Juan Santamaría International Airport ((tel) 2437-2626 for 24-hr. airport information; www.fly2sanjose.com; airport code SJO) is near the city of Alajuela, about 20 minutes from downtown San José. A taxi or Uber into town costs between C10,000 and C25,000, and a bus is only C540. The Alajuela–San José buses run frequently and will drop you off anywhere along Paseo Colón or at a station near the Parque de la Merced (downtown, btw. calles 12 and 14 and avs. 2 and 4). There are two lines: Tuasa ((tel) 2442-6900) buses are red; Station Wagon ((tel) 2442-3226) buses are yellow/orange. At the airport, the bus stop is directly in front of the main terminal, beyond the parking structure. Be sure to ask whether the bus is going to San José, or you’ll end up in Alajuela. If you have a lot of luggage, you probably should take a cab.
Most car-rental agencies have desks and offices at the airport, but if you’re planning to spend a few days in San José itself, I think a car is a liability. (If you’re heading off immediately to the beach, though, it’s much easier to pick up your car here than at a downtown office.)
Tip: Chaos and confusion greet arriving passengers the second they step out of the terminal. You face a gauntlet of aggressive taxi drivers, shuttle drivers waving signs, and people offering to carry your bags. Fortunately, the official airport taxi service (see below) has a booth inside the calm area just before the terminal exit. Keep a very watchful eye on your bags: Thieves have historically preyed on newly arrived passengers and their luggage. You should tip porters about C200 to C300 per bag.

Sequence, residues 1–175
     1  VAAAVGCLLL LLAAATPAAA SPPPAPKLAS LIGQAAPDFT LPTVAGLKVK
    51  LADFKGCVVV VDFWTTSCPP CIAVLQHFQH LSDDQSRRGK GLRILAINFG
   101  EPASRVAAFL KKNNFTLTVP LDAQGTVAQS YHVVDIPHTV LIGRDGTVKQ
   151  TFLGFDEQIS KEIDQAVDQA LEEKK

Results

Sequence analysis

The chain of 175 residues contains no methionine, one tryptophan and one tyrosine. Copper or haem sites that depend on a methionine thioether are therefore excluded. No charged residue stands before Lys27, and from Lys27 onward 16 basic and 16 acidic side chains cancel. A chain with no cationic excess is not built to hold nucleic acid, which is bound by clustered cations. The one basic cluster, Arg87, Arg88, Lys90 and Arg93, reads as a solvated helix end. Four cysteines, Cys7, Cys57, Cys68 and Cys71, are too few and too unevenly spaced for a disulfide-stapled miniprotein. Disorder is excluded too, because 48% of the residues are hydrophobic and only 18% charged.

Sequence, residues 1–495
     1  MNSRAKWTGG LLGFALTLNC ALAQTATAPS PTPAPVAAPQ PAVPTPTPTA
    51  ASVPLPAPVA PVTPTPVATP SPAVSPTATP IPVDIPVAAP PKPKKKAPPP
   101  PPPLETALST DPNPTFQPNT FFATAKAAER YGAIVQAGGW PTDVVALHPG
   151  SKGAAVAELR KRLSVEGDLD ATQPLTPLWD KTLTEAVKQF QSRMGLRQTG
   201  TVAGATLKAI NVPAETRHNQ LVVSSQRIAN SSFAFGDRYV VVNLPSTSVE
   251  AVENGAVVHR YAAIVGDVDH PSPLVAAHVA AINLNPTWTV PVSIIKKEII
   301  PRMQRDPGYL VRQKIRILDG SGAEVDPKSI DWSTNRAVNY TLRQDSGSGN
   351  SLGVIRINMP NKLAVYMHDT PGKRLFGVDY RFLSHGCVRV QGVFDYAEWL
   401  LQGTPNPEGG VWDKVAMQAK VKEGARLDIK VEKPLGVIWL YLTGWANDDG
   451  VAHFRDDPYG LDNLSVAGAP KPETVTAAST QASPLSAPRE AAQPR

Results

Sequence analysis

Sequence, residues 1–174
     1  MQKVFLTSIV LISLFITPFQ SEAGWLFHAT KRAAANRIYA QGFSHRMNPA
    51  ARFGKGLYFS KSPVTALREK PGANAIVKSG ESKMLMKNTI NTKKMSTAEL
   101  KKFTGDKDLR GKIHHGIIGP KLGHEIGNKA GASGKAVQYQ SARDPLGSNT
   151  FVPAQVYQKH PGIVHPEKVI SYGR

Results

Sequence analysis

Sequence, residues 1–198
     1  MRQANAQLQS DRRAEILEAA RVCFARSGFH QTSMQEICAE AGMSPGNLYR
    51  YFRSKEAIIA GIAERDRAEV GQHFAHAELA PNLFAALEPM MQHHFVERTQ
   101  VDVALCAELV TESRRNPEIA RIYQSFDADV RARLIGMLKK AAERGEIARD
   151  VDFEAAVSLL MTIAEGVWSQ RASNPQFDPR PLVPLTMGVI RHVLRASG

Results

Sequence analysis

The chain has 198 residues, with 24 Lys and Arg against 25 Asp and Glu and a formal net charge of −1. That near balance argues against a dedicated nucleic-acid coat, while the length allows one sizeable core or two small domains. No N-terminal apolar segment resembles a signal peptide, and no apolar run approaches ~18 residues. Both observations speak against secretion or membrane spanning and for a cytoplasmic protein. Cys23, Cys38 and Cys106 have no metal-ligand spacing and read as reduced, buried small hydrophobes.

In terms of taxis, you should stick with the official airport taxi service, Taxis Unidos Aeropuerto ((tel) 2221-6865; www.taxiaeropuerto.com), which operates a fleet of orange vans and sedans. This service has a kiosk in the no man’s land just outside the exit door for arriving passengers. Here they will assign you a cab. These taxis use meters, and fares to most downtown hotels should run between C15,000 and C30,000. Despite the fact that Taxis Unidos has an official monopoly at the airport, you will usually find a handful of regular cabs (in traditional red sedans) and “pirate” cabs, driven by freelancers using their own vehicles. You certainly could use either of these latter options (“pirate” cabs tend to charge a dollar or two less), but I highly recommend using the official service for safety and standardized prices. Ordering a car with the smart phone app Uber is another option, and rates are often significantly less than official taxis.
You have several options for exchanging money when you arrive at the airport—but you’ll get the best rate if you exchange your money at a bank, and until then you’ll find that almost all businesses accept dollars. An ATM in the baggage claim area is connected to both the PLUS and Cirrus networks. A Global Exchange ((tel) 2431-0686; www.globalexchange.co.cr) money exchange booth is just as you clear Customs and Immigration. It’s open whenever flights arrive; however, it exchanges at more than 10% below the official rate. A branch of Banco de San José is inside the main terminal, on the second floor across from the airline check-in counters, as well as a couple more ATMs up there. Most taxis and all rental-car agencies accept U.S. dollars.
Tip: There’s really no pressing need to exchange money the minute you arrive. Taxis Unidos accepts dollars. You can wait until after you settle into your hotel, and see if the hotel will give you a good rate of exchange, or use one of the many downtown banks or ATMs.